That’s enough for a couple on every fisherman’s stringer with plenty left over to produce the next crop in 2015.

Fishermen have been getting excited by the number of coho salmon (silvers) that have been showing up in steadily increasing numbers along with the ever present pinks.

Silver salmon traditionally start running after the pink run is well under way, so getting one mixed in on occasion is not all that unusual, but the early numbers might be predicting a strong run of silvers to start on the tail end of the humpy run. That would be welcome news to the fishing fraternity here.

For the rest of this story, pick up the print version of The Valley News. Call 598-6397 to subscribe.

The Sportsman’s World

By Leon Archer

The first night of our trip out west had found us staying in Munising, Mich., right on the shores of Lake Superior. It was a beautiful evening. The temperatures were a little warmer than I like when I’m camping, and the lake was nearly flat since there wasn’t a hint of a breeze, but we slept well that night before heading for Two Harbors.

The five days we spent in Two Harbors were full of activity, and we were sad to leave, but Medora, N.D., was beckoning, so we left early on a Friday morning in order to make the 600-mile journey in time to take in the Medora Musical in the famous outdoor amphitheater.

We camped in the Medora Campground and rode a shuttle to the musical that evening. It was a great show, and Sweet Thing had been looking forward to it ever since we started our trip.

Medora is right in the North Dakota Badlands, on the edge of the Theodore Roosevelt National Park. The area was probably President Roosevelt’s favorite place in the whole world; he loved it with a great passion for the wild beauty of the area.

For the rest of this column, pick up the Sept. 5 edition of The Valley News. Call 598-6397 to subscribe.

View from the Assembly: Basic STAR applicants must reapply

By Rep. Will Barclay

In this year’s state budget, changes were made to the STAR program that requires Basic STAR recipients to re-register.

It became clear that the state needed to make changes to the program after a comptroller’s audit found some property owners were abusing the system. By requiring people to reapply, the state can weed out any duplicate applications and stop people from trying to double dip.

STAR stands for School Tax Relief program. It was first enacted in 1999 by then-Gov. George Pataki.

Here is how it works: The first $30,000 of an owner-occupied residence is tax exempt for those who qualify. The state then reimburses school districts the equivalent of the property tax exemption. These funds are paid annually in the form of school aid through the state budget. This year’s budget provided $3.4 billion for the program.

STAR is a direct property tax savings for homeowners. It’s a great program and saves people anywhere between $300 and $800 per year, according to the New York State Tax and Finance website’s data.

To qualify, homeowners need to make less than $500,000 and live in the home. The reason the state is requiring homeowners to reapply is due  fraud that occurred within the system.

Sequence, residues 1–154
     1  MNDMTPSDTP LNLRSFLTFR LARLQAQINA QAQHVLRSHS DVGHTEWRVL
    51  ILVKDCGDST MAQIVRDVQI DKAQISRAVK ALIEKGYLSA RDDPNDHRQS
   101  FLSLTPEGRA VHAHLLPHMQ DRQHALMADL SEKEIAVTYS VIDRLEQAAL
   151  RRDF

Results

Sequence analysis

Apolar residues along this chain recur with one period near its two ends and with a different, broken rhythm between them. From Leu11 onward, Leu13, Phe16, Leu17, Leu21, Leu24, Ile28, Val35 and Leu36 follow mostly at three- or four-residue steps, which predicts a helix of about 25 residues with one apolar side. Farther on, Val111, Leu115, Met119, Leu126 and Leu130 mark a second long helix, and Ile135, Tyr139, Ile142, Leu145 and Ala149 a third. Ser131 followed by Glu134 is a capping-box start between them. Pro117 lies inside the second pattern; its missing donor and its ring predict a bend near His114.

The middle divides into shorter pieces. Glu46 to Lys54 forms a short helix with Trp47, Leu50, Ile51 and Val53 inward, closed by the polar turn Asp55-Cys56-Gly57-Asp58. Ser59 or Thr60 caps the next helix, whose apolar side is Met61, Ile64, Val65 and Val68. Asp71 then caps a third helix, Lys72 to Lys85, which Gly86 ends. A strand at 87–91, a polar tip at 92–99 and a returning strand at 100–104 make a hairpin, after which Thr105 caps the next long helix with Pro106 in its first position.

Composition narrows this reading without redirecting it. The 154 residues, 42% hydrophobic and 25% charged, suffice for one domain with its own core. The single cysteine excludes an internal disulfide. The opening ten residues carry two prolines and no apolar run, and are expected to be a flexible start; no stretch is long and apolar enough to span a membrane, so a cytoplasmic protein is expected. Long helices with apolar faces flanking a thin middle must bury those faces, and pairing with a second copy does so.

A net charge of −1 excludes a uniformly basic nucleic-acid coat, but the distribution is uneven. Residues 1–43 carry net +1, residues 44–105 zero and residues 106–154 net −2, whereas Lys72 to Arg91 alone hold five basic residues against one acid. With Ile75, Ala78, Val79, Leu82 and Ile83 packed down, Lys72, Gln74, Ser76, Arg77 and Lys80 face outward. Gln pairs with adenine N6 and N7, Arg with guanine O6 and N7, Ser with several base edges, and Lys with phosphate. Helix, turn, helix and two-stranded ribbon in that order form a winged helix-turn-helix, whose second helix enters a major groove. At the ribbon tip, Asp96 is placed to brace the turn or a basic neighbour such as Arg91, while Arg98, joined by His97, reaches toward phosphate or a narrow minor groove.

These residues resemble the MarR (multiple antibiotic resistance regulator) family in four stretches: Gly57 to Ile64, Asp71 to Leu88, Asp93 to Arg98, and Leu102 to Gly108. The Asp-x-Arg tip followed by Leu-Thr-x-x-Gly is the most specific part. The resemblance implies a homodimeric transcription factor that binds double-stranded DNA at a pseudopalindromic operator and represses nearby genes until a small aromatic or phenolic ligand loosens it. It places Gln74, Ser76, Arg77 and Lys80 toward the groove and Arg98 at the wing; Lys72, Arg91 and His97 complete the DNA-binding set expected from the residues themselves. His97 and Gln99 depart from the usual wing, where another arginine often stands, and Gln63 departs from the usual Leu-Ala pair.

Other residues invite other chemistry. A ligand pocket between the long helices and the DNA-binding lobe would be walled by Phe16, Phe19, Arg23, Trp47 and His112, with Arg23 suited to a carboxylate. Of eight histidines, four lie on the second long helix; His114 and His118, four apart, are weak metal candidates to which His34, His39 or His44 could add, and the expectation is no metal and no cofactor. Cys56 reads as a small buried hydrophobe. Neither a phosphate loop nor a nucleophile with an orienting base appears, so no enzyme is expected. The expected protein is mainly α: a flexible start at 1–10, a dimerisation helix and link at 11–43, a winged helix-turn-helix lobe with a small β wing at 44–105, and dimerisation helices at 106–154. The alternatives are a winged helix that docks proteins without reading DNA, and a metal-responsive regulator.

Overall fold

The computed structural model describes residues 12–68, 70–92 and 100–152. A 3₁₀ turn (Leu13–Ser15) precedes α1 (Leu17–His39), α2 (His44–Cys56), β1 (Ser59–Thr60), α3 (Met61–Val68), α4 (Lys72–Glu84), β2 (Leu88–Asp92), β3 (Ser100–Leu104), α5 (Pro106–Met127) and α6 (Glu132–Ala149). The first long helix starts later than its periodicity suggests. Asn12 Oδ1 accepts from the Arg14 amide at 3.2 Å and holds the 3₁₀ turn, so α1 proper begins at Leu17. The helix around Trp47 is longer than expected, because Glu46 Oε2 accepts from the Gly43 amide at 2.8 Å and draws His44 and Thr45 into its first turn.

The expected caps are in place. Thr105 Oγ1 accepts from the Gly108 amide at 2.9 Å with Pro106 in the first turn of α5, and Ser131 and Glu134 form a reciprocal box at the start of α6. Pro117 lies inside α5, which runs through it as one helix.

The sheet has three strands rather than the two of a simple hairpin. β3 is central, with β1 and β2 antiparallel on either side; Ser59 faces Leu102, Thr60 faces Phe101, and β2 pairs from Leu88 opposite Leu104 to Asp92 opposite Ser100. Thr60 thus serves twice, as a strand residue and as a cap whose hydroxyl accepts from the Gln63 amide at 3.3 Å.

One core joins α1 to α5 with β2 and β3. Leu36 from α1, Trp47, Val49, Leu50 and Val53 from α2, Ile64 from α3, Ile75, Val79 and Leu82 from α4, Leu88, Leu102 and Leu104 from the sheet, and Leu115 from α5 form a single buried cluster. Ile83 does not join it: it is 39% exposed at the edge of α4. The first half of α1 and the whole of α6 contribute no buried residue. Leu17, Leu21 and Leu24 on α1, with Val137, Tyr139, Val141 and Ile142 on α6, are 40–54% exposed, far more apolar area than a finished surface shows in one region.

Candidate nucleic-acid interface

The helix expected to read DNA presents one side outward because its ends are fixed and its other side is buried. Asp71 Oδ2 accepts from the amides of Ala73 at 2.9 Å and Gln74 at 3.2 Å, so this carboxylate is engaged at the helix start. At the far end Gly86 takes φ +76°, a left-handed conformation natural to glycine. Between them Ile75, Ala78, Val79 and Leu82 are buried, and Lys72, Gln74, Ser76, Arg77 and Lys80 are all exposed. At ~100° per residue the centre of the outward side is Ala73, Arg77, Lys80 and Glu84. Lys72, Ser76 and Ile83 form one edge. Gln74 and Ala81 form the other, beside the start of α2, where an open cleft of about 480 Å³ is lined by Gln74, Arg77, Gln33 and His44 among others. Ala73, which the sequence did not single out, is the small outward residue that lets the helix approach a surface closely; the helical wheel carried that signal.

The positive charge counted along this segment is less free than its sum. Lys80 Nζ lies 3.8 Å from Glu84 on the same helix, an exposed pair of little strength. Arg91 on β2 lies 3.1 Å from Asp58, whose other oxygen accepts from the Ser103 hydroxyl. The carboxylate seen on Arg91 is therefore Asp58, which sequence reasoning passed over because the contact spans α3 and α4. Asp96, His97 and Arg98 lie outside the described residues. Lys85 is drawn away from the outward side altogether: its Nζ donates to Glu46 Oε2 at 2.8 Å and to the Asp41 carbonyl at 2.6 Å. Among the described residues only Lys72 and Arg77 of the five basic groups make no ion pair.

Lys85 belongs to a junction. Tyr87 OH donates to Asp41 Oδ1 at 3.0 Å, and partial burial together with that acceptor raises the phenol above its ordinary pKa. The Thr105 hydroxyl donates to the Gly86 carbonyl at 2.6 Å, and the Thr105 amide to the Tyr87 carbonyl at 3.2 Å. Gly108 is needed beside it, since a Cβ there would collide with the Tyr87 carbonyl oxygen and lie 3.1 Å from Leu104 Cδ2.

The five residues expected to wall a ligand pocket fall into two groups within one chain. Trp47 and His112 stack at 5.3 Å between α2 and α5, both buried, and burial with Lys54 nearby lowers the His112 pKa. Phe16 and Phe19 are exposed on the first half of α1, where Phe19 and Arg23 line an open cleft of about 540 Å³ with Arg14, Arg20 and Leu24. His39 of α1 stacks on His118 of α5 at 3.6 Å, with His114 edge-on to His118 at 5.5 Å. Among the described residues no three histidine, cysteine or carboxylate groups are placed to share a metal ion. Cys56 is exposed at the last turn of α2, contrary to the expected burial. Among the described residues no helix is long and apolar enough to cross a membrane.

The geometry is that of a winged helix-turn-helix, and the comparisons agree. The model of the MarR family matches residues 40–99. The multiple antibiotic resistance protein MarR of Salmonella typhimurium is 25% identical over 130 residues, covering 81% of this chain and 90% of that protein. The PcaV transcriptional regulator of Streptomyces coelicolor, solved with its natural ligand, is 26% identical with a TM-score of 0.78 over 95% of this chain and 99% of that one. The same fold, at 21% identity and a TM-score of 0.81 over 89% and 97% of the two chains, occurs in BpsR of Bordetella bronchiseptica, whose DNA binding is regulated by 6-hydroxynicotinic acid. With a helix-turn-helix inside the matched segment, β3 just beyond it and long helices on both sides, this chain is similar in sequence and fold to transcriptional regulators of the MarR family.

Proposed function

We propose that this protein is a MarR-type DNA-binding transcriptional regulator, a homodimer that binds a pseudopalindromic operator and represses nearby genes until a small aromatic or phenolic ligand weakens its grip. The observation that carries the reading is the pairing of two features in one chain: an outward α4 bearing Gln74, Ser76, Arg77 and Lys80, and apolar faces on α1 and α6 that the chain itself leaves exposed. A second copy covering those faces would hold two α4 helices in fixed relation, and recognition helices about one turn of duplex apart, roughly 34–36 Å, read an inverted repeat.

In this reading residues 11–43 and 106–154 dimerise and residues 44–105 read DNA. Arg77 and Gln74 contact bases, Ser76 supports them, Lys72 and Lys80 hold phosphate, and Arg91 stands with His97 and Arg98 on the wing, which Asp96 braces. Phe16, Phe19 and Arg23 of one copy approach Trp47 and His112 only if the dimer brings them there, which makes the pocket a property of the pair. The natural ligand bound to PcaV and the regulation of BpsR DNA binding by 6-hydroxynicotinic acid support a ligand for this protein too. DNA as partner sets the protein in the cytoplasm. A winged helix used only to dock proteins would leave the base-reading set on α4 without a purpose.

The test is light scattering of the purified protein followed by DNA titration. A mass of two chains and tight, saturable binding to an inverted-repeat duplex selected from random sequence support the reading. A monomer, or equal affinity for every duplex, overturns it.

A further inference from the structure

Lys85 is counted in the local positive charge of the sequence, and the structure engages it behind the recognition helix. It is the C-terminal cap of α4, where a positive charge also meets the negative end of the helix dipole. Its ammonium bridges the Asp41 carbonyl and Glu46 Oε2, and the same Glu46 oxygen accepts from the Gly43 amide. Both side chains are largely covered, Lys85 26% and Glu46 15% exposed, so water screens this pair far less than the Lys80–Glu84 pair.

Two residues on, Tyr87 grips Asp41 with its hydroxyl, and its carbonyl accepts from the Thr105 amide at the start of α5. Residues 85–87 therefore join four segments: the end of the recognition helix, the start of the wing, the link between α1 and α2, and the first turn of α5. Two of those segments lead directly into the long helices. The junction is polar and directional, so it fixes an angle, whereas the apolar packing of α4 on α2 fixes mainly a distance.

In some cases, people with two properties in two municipalities were receiving the STAR exemption twice. In order to prevent this type of fraud, the state is requiring applicants to re-register in order to cross reference all owner-occupied properties that qualify.

None of these changes applies to recipients of Enhanced STAR.  Enhanced STAR is essentially the STAR program for seniors.  It differs in that it provides approximately double the savings compared to Basic STAR.

Homeowners who are 65 and older and whose income does not exceed $81,900 are eligible for Enhanced STAR. Those who participate in Enhanced STAR do not need to reapply because the state uses a different application for Enhanced STAR and recipients under this program already verify their information with the state annually.

The fastest way for homeowners to re-register for Basic STAR is through the Tax Department’s website at

All you need is the property owner(s) social security number(s), and the STAR code. If you don’t know your STAR code, there is a convenient “look up” page that will provide visitors with their unique STAR code.

Once completed, applicants can print their application, which contains a confirmation code, and file with their records.

Residents may also call the tax department at 518-457-2036 and an operator will assist callers.

The state is expected to send out a mailing with instructions as well. At this time, the state is not providing a paper option to re-register.

This is a one-time requirement and will not need to be repeated each year. Those who have further questions about the program, also may contact their local assessor.

If you have any questions or comments on this or any other issue, or if you would like to be added to my mailing list or receive my newsletter, please contact my office. My office can be reached by mail at 200 N. Second St., Fulton, N.Y. 13069, by email at or by calling 598-5185. You may also friend me, Assemblyman Barclay, on Facebook.